- The amount of energy storage capacity deployed in the U.S. annually is set to more than double next year, rising from 523 MW deployed in 2019 to 1,452 MW in 2020, before tripling to 3,646 MW in 2021, according to the latest U.S. Energy Storage Monitor from Wood Mackenzie and the Energy Storage Association.
- The exponential growth projection is driven in part by several in-development battery storage projects that are some of the largest ever proposed in the United States, such as PG&E’s 182 MW, 730 MWh Elkhorn Battery Storage project in northern California, which recently received local regulatory received local regulatory approval.
- The 186.4 MW of energy storage deployed in the fourth quarter of 2019 made it the biggest quarter for storage capacity ever, breaking the previous record by 17%, according to the WoodMac report.
In 2018, 311 MW of energy storage were deployed. Today there are several proposed individual battery storage projects that are each around the same size or larger than the entire amount deployed in 2018.
For example, Vistra Energy is building a 300-MW, 1,200-MWh battery project at the Moss Landing natural gas-fired plant, where PG&E’s Elkhorn project is also being built. When it announced the Moss Landing battery project in 2018, Vistra Energy said it expected commercial operation to begin in the fourth quarter of 2020, and a company spokeswoman told Utility Dive that is still the current schedule.
California is not the only place where massive battery projects are being built. Florida Power & Light’s 409-MW Manatee Energy Storage Center will be operational in 2021, the Bradenton, Fla., Herald recently reported.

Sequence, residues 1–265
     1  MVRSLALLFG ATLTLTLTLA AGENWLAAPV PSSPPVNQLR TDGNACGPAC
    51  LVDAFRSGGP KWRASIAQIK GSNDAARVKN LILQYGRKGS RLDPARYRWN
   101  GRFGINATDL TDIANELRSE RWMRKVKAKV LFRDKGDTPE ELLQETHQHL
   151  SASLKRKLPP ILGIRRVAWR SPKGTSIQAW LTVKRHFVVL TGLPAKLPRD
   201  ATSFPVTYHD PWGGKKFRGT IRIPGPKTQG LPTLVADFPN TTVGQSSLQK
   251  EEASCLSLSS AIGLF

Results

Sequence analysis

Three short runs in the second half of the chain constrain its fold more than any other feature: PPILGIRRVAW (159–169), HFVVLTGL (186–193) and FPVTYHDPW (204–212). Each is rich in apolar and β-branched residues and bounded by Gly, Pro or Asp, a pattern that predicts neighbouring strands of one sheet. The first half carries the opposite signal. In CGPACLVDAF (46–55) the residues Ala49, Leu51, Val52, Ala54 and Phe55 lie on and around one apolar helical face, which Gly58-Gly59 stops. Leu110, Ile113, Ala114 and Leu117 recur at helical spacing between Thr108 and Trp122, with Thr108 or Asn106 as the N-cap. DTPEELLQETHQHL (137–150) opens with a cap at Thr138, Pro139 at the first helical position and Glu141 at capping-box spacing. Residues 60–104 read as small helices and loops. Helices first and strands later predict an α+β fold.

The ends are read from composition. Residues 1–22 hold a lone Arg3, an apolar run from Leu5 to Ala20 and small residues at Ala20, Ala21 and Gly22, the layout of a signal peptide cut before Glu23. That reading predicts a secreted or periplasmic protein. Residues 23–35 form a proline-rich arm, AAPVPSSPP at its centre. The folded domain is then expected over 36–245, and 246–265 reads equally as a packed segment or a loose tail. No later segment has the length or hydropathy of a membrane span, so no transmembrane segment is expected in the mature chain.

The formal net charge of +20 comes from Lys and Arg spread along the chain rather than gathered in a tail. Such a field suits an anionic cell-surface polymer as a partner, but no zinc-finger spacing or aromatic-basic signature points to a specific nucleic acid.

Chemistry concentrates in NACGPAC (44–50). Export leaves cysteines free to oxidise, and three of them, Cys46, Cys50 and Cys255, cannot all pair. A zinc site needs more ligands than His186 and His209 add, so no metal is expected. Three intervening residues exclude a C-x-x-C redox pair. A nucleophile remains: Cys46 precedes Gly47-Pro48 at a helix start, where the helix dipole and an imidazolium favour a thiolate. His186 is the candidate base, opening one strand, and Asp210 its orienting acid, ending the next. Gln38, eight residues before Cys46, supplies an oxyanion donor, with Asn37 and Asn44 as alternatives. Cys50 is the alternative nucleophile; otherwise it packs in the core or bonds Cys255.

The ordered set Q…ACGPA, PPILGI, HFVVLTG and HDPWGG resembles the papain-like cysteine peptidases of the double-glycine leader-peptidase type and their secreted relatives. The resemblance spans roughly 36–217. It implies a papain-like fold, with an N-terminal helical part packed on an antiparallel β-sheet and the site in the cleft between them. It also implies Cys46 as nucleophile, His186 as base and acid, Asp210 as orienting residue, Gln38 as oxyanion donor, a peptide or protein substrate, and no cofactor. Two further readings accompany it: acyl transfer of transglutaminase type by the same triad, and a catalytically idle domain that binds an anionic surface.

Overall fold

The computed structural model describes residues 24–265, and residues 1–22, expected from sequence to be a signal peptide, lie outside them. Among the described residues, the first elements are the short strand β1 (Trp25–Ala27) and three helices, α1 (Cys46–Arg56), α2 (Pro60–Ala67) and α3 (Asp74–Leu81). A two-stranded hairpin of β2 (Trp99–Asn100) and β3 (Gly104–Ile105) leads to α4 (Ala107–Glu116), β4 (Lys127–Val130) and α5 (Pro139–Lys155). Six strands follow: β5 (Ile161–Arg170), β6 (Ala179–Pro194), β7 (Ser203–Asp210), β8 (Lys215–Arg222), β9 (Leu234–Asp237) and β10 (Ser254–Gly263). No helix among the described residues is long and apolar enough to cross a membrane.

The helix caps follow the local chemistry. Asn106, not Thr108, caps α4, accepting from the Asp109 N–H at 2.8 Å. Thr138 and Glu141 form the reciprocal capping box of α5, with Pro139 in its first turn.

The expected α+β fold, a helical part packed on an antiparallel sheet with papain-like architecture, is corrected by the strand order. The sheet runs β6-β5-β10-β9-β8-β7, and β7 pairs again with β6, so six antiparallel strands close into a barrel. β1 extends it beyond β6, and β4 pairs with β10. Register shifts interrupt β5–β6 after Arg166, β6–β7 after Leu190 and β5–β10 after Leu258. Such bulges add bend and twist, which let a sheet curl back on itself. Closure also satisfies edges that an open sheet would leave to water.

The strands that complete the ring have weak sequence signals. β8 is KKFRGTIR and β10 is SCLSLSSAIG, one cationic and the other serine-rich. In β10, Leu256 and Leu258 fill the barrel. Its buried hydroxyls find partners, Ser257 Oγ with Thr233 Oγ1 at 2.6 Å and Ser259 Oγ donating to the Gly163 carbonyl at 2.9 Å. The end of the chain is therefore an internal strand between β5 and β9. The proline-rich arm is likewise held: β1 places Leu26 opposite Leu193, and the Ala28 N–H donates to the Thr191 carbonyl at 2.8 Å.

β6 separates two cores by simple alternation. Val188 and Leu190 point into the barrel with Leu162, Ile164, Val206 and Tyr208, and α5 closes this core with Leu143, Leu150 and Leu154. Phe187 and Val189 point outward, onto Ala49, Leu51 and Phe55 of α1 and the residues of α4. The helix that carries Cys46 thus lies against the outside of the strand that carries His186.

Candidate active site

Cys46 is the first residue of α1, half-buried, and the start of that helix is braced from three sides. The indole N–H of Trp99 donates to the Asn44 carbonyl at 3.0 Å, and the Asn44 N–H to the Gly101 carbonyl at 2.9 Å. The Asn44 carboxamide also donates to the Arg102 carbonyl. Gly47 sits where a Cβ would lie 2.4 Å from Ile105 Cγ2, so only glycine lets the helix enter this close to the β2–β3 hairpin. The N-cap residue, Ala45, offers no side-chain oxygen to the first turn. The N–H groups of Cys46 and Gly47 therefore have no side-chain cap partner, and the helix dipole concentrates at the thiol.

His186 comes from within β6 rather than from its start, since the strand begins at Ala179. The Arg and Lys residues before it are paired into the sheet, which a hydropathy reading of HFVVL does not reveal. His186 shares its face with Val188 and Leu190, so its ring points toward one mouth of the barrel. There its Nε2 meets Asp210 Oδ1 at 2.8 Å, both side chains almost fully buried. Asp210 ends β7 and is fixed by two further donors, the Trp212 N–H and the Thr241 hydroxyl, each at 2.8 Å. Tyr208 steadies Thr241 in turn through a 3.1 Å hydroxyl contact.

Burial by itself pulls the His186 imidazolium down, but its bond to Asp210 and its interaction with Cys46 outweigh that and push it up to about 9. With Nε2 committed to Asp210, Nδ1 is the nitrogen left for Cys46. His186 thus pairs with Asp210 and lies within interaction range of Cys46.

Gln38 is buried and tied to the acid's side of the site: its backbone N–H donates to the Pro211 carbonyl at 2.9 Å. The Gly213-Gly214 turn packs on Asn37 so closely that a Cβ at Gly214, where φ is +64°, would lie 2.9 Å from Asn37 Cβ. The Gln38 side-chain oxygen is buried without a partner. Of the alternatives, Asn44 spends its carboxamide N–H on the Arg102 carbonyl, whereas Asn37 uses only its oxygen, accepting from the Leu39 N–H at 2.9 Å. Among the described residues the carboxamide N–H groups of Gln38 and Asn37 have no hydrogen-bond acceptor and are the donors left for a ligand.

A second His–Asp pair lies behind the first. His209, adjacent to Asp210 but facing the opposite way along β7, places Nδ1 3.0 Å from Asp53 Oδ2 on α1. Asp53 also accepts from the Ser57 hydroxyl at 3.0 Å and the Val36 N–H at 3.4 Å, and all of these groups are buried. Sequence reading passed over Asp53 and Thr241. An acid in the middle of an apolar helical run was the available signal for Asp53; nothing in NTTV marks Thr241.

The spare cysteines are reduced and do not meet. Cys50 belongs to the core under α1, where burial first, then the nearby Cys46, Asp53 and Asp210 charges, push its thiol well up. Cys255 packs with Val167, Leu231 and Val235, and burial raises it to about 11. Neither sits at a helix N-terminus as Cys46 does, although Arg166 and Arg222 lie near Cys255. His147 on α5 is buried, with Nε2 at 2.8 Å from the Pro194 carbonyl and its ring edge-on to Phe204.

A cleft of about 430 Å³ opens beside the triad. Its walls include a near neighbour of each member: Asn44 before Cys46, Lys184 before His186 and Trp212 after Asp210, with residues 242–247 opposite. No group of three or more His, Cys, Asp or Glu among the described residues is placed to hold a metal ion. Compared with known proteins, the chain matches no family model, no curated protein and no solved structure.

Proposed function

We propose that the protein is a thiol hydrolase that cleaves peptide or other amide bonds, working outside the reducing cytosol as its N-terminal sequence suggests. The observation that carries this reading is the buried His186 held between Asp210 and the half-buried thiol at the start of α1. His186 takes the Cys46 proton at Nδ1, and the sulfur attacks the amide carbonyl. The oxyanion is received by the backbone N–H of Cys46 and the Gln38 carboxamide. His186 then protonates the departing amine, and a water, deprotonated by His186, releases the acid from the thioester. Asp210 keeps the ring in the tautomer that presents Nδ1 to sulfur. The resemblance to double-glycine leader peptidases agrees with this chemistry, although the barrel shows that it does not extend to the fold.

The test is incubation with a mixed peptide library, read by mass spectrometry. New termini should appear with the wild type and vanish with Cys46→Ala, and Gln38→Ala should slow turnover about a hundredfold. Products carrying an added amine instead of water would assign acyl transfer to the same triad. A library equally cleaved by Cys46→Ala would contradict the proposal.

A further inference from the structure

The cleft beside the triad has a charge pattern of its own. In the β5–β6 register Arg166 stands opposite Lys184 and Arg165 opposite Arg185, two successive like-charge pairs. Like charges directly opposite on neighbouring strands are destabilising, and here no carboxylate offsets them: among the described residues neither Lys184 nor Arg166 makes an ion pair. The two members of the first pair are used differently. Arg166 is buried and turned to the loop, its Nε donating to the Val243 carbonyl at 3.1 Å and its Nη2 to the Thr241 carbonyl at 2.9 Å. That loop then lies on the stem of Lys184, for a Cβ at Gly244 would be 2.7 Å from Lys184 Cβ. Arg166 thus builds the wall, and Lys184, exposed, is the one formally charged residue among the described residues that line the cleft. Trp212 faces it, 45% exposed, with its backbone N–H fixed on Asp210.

“Accelerated growth [of storage capacity deployment] will occur in 2020 and 2021, driven by the first large-scale utility procurements coming online,” according to the WoodMac report.
Other large battery storage installations include the 100-MW Saticoy Battery Storage Project in Oxnard, Calif., which is expected to provide storage for Southern California Edison and is scheduled for December 2020.
Front-of-the-meter, utility-scale storage projects like these large projects are poised to become a much larger share of the overall storage market relative to behind-the-meter storage, WoodMac has previously said. Front-of-the-meter storage made up 103.8 of the 186.4 MW in the fourth quarter of 2019, representing 160% quarter-on-quarter growth.
“Supply constraints and delays in the [front-of-the-meter] market have moved some initial 2020 projects to 2021 or later,” the 4Q 2019 report said, but since those delays the scale of planned projects has surged. “Vertically integrated utilities nationwide are investing heavily, and wholesale market participation will open up new areas for growth.”